The EU could exploit its economic strength to threaten Russia with retaliation, if Moscow punishes Kiev for an association with the EU. But it does not want to. Such a confrontation might create complications for the cozy EU-Russian business relationship in which a whole number of prominent European companies and public figures are involved.
No need to be timid
The EU remains timid although a warning concerning the Kremlin’s Ukraine policies may eventually cost only very little. Probably, Russia would not want to threaten her already shaky economic and budgetary stability through a trade war with Europe.
Still, for the EU countries, it is uncomfortable to risk a falling-out with Russia. They do not wish to consider a re-structuring of their energy supplies for the unlikely case that real sanctions against Russia would indeed become necessary.
Sanctions will probably never happen because a mere indication of their possibility should be enough for the Kremlin to rethink its position.
However, the EU – it thinks – should not work this way, but rather through persuasion, mediation and compromise-seeking.
Time for action from the EU
As Brussels remains reticent, Russia continues bluffing that it can shape the post-Soviet space. In fact, Moscow has neither a sustainable economic model nor the administrative capacity to do so. Under insufficient leadership of a Russia that over-stretches its limited resources, the post-Soviet space will remain a source of instability.
It is thus in Brussels’s own interest to overcome its current shyness and use the EU’s considerable economic leverage for pressuring Moscow to accept the Association Agreements with Moldova, Georgia and above all Ukraine. The risks of not doing so may be closer and more immediate than some think.
A decision by Yanukovych to join formally or informally Russia’s Customs or Eurasian Union would not be accepted by many Ukrainians, especially in the Western regions. The principled rejection that a new Russian hegemony would encounter in such places as Galicia, Volyn or the city of Kiev could, in a worst case scenario, tear the country apart, in a civil war.
Already before the Association Agreement debacle, Kiev’s foreign affairs community had been becoming increasingly impatient with the EU. They felt that Ukrainian affairs have not been dealt with attentively by their counterparts in Central and Western Europe.
Has the EU been snubbing Ukraine?
Ukraine cannot get even a long-term, conditional EU membership perspective from Brussels. Yet, as is being once more confirmed by the Euromaidan protests, Ukraine is a manifestly European country. Kiev has already been allowing EU citizens’ visa-free travel to Ukraine for several years.
Most Ukrainians, however, are still required to go through a long, costly and denigrating application process to get even a short-term Schengen visa. Ukrainian applicants are frequently treated like potential criminals by West European consulates, and their visa requests are sometimes rejected, on dubious grounds.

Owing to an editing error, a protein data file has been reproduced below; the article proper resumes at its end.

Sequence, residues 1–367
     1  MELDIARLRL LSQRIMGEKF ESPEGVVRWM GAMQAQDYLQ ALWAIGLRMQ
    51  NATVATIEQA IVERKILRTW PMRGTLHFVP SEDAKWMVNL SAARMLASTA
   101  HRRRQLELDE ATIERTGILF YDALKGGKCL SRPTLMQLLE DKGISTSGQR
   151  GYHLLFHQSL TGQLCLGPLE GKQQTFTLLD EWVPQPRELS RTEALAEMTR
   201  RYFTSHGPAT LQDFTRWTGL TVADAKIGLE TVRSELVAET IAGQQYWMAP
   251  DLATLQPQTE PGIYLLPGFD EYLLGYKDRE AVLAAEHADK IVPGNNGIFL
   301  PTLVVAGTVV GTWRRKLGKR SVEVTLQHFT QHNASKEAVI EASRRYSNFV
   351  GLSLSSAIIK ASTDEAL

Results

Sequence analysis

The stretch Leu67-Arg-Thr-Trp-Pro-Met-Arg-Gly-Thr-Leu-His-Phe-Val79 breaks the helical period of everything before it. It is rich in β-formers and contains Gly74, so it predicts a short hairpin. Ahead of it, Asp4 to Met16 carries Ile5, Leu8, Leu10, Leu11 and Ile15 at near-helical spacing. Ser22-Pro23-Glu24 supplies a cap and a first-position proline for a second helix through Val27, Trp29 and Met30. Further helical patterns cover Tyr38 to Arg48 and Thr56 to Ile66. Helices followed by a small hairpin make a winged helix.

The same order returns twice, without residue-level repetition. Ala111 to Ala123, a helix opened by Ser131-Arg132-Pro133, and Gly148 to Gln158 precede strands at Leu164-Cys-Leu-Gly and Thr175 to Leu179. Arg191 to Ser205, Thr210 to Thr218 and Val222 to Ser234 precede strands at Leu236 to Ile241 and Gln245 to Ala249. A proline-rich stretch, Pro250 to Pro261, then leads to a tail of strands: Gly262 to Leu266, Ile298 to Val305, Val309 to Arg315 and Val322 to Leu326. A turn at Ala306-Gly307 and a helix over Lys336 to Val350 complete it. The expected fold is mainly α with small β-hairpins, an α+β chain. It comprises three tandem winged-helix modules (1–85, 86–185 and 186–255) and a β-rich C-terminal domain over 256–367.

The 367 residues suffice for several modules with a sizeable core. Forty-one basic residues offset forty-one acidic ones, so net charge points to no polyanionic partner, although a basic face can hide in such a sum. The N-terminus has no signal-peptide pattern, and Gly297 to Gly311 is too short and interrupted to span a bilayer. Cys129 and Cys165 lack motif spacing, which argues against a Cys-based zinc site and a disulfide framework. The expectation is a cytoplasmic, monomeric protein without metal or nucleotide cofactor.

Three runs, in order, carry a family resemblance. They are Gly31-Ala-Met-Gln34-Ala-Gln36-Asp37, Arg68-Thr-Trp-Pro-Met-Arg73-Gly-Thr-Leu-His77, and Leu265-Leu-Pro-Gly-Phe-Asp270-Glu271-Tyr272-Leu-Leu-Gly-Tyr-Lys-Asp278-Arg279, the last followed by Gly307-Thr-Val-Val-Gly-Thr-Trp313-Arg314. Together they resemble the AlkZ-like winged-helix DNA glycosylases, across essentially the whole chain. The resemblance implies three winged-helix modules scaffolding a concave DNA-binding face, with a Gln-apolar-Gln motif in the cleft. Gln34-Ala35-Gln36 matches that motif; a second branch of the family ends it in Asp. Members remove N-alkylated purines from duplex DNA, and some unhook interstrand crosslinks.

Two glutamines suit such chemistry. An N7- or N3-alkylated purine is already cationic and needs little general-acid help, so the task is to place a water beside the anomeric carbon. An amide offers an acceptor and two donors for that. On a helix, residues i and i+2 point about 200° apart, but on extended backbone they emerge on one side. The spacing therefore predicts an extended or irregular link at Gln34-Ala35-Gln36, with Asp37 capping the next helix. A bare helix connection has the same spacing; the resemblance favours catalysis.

Moreover, Germany has built with Russia’s Gazprom an expensive under-water gas pipeline through the Baltic Sea. The main purpose of that pipeline for Moscow is to circumvent the – now underutilized – Ukrainian gas transportation system. Its de facto effect is also to give Kremlin more leverage when pressuring Kiev.
Several EU countries have, furthermore, recently agreed to cooperate with Russia in building an even more expensive similar pipeline through the Black Sea. The completion of this project would make Russia largely independent from the Ukrainian gas transportation system.
Over the last years, precious time, trust and opportunities have been lost by the EU because of its inconsistent dealings with the fragile post-Soviet neighborhood.
As the Euromaidan protests draw more and more attention to both the opportunities and risks in post-communist Europe: Will Brussels, Berlin, Paris etc. finally get real about their so-called Eastern Partnership?
More principally: Will the EU start seeing itself as a partner – and not merely as teacher – of the Ukrainians, Georgians or Moldovans? Does Europe’s offer of an Association Agreement actually mean what its title says? Or does the offer still only imply the partner countries’ obligations to the EU, but not vice versa?
When will the EU make its own “European choice” – a suggestion that it constantly makes to its Eastern partners? When will Brussels finally start implementing European values in its Eastern neighborhood not through pretentious lecturing, but via coherent policies, adequate diplomacy, and, if necessary, real actions, on the ground?
In W. Germany, there was a saying that the key to German unity lies in Moscow. So does the key to European unity now.
Moscow's message to Ukraine: "Do what you want, but if you go west, we will close our markets."
Russia’s largest foreign economic partner by far is the EU. But the EU relies much less on Russian imports & exports.
The nature of Russian-EU gas trade is now such that it makes Russia dependent on the EU, not vice versa.
Kremlin sabotage of EU Eastern partnership policies is a bizarre case of mutual misperception in int’l diplomacy.
As Brussels remains reticent, Russia continues bluffing that it can shape the post-Soviet space.
Will the EU start seeing itself as a partner – and not merely as teacher – of the Ukrainians, Georgians or Moldovans?